Please note however that the above can vary, especially from a biochemical perspective. Fundamentally the more of a wholefood source of carbs we have, the more nutritional variety and balance we will intake. Lastly, the speed of digestion and utilisation of carbs will always be influenced by what other macronutrients are enjoyed along side it as part of a meal, along with our different metabolic requirements.
Some lovely and nutritious sources of carbohydrates are:
All fruits and vegetables (in the majority low in starch and best combined with some of the below)
cereals & grains such as whole wheat, rye, rolled oats, buckwheat, quinoa, amaranth, spelt, brown rice, whole wheat pasta, wild rice, barley, kumut, sweet potato, potato, legumes.
Protein foods are broken down into amino acids in the body. They are large complex molecules made up of a sizeable array of amino acids. They are essential building blocks for metabolism, muscle strength, hormone function, enzyme function and immune health to name but a few.
Some lovely and nutritious wholefood sources of protein are:
seafood, meats, eggs, legumes & pulses, tofu, tempeh, dairy such as (cow/goat/sheep) bocconcini, feta, ricotta, cottage cheese, protein powders, collagen and some nuts and seeds.
Fats are broken down into fatty acids (triglycerides) in our bodies and are vital for brain function, cell membrane health, skin health and immune function.
Types of fats include saturated, poly unsaturated and mono unsaturated fats. We do need to be mindful of not going too crazy when it comes to fat intake, however eating quality fats daily as part of a balanced dietary intake is very advantageous. Essential fats (omega3 and omega 6) cannot be made in the body from simply constituents. They must be consumed from specific food sources and then digested to make them readily available.
Trans fats are the fats we need to avoid, which are created through overheating volatile oils. Generally if you eat a wholefood diet trans fats will not be a major concern. Do be mindful however of the quality of oils you purchase along with the freshness of your nuts and seeds too.
Some lovely and nutritious sources of wholefood fats are:
seafood, especially salmon, tuna, sardines, calamari and other oily fish.
Olive Oil, flaxseed oil, macadamia nut oil, coconut oil, cold pressed avocado oil and other nut and seed oils that have not been heat treated or refined.
raw nuts and seeds and their butters
avocado and coconut
Dairy free is a term often used pertaining to avoiding the protein in milk, usually casein. These proteins are quite large, especially in cow’s milk, and as a result can be problematic to absorb (remember, this does not mean everyone!). The casein in goat and sheep’s milk is smaller in size and therefore often gentler on the digestive system.
Lactose is the carbohydrate portion of mammal milk. Lactose intolerance means that the body lacks enough of the enzyme (lactase) to breakdown lactose. Lactose is highest in raw forms of milk and lower in more processed forms. Therefore, cows milk, goats milk, sheep’s milk are quite problematic, where as small amounts of cheeses and butter from all families may be tolerable.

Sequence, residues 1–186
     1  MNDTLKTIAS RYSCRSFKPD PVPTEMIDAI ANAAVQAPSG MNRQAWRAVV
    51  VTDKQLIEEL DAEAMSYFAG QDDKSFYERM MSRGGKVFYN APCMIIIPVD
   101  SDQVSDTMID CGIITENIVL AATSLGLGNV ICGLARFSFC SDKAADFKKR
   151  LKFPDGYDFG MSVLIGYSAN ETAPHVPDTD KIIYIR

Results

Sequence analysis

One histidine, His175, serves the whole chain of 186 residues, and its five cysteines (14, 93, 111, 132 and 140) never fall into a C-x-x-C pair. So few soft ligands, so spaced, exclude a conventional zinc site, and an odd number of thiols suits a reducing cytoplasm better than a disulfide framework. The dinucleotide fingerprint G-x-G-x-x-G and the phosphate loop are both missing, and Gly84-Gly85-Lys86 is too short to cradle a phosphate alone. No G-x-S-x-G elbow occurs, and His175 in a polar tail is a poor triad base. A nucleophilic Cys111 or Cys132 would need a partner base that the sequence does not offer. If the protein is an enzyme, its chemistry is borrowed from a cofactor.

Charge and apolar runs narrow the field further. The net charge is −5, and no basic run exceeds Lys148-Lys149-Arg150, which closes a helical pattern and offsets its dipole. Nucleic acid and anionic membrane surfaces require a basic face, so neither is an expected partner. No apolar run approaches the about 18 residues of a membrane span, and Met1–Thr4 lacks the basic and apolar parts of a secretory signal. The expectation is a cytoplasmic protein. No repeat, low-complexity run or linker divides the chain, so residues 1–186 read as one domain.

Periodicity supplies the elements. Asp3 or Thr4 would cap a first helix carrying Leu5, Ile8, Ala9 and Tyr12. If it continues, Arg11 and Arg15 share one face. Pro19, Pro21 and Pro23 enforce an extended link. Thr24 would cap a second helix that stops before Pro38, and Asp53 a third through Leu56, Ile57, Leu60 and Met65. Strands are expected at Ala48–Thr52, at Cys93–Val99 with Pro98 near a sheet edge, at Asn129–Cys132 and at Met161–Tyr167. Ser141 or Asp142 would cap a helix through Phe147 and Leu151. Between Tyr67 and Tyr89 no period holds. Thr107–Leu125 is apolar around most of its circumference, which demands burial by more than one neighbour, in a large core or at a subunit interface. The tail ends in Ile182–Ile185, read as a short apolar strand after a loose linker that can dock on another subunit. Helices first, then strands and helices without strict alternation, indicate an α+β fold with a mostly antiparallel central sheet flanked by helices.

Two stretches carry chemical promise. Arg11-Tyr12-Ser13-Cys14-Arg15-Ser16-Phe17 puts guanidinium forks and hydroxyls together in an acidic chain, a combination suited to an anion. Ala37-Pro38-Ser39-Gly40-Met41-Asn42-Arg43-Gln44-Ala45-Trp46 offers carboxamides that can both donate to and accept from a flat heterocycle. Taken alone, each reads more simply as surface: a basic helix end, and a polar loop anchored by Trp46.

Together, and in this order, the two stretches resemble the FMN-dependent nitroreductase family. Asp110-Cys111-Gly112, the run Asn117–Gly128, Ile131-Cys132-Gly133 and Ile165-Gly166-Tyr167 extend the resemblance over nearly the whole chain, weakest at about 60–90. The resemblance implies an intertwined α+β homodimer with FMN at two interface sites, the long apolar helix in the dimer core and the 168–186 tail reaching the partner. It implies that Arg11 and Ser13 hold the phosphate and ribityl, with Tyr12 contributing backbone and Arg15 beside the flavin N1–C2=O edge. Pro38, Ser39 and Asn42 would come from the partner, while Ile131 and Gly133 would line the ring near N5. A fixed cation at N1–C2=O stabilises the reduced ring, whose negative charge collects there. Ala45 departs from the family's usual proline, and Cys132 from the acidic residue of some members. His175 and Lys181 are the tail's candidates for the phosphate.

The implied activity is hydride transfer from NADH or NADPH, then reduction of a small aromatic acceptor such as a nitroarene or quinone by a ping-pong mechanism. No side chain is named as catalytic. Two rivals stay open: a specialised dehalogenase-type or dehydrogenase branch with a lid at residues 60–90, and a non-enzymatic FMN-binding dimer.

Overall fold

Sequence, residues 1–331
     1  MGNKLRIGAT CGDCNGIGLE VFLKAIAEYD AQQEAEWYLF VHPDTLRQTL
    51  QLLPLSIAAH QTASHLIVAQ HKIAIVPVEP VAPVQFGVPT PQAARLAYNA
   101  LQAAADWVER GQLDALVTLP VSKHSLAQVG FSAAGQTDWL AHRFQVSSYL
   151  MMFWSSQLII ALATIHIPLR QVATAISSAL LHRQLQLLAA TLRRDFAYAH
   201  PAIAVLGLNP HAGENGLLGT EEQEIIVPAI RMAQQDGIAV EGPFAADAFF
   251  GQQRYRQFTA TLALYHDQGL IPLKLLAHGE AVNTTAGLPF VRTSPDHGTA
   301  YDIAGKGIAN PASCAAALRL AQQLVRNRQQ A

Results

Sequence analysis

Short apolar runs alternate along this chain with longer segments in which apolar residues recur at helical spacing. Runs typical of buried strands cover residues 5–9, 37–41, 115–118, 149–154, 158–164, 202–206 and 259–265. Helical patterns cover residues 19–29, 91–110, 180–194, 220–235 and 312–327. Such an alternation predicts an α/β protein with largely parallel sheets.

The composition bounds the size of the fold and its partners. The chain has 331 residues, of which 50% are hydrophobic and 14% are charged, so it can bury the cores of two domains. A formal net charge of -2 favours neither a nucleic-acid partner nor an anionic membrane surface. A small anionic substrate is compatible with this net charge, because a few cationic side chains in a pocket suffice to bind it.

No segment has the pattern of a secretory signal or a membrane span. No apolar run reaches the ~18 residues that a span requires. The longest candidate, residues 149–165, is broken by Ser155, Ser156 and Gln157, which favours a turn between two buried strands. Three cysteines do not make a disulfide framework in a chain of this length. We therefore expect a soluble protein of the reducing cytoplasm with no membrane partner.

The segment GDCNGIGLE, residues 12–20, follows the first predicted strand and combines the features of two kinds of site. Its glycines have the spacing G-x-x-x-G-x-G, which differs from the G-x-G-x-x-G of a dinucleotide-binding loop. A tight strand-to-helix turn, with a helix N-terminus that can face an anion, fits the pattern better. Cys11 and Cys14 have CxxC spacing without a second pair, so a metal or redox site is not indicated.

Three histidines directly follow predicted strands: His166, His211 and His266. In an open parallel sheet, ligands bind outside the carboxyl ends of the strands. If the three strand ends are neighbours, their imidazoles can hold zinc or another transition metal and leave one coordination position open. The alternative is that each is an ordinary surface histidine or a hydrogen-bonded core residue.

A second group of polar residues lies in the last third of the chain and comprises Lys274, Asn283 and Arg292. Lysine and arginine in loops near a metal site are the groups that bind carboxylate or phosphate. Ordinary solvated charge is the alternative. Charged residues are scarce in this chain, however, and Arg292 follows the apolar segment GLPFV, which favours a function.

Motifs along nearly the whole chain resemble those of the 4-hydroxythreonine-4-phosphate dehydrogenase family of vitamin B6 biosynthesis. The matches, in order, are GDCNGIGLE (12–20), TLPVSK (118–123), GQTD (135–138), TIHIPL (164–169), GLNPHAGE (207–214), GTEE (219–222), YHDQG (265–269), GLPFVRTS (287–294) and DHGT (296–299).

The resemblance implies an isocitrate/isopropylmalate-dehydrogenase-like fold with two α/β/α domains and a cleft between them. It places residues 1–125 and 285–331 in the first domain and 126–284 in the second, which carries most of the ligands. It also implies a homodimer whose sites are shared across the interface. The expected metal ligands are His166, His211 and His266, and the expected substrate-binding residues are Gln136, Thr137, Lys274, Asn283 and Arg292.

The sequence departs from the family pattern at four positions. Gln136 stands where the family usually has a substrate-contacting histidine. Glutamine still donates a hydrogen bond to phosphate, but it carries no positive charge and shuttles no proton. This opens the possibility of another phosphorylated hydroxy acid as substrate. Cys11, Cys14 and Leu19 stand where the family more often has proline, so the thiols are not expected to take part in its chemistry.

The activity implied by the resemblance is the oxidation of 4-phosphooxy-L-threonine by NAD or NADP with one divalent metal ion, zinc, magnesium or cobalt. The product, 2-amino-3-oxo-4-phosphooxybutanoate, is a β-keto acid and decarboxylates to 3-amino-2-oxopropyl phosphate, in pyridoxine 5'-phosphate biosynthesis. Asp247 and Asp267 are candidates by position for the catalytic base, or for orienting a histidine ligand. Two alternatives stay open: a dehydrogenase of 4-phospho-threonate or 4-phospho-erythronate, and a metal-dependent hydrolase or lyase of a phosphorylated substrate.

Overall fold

Gluten is protein (2 proteins actually) found in a variety of grains, of which one of these grains happens to be wheat.
Gluten containing grains are: rye, wheat, barley, oats (problematic often for coeliacs due to cross contamination), spelt, kumut, semolina, couscous, bulgur and triticum.
Wheat is a grain that just happens to also contain gluten. Wheat sensitivity can occur on its own. This means that wheat as an individual grain is problematic, NOT gluten. If you are wheat intolerant you can still have some of the grains listed above (besides spelt, bulgur, semolina, couscous and triticum which are still versions of wheat). Some people can handle spelt with no issues, however many still have upsets from this grain.
The following flours/grains are gluten free AND wheat free:
buckwheat, quinoa (technically seeds) amaranth, rice, corn meal/polenta, millet, besan flour, soy flour, sorghum, sago, lentils, tapioca, lupin.
Jessica Cox FAQ’s
In the majority, most of the recipes on the JCN website do not provide calorie or kj measurements. Some of our more current recipes do, but we generally avoid putting too much emphasis on this simply because calories and kj are only part of the story when it comes to wholefoods and quality nutritional intake.
I completed a four year Bachelor of Health Science (Nutritional Medicine) at Australian College of Natural Medicine, now known as Endeavor. I do recommend completing a Nutrition degree that will leave you with the appropriate training and qualifications. It is important to have a level of training that is recognised by Associations to ensure rebates are available for your clients, along with being eligible for insurance within your practice.
If you are passionate about following a career in nutrition and interested in private practice do be prepared, as it takes a lot of hard work and determination. However, the results are worth it! Day to day business varies between client consultations, marketing and general business upkeep. Its important to keep in mind this will vary dependent on what field of nutrition and/or dietetics you end up in in regards to your chosen career path.
Yes, I take all of my own photographs. I have a Bachelor of Visual Arts in Photography, which I studied when I first left high school at the ANU in Canberra, Australia. Photography and the arts run strongly through my bloods and it is a true love for me to be able to intertwine the passion that I have for both photography and nutrition.
You can get in touch with Jessica here to discuss collaborations in regards to your brand, product reviews, ambassadorship and sponsorship. Please ask us for a copy of Jessica’s Media Kit, which we are more than happy to email you. This may also give you an idea of how you may work together.
Please note that Jessica will work with brands that she feels fit the Jessica Cox ethos. If we feel that your brand may not be the right fit we will let you know. Of course there are so many wonderful products and companies out there doing exciting things, so if we are a great fit we look forward to hearing from you and working together!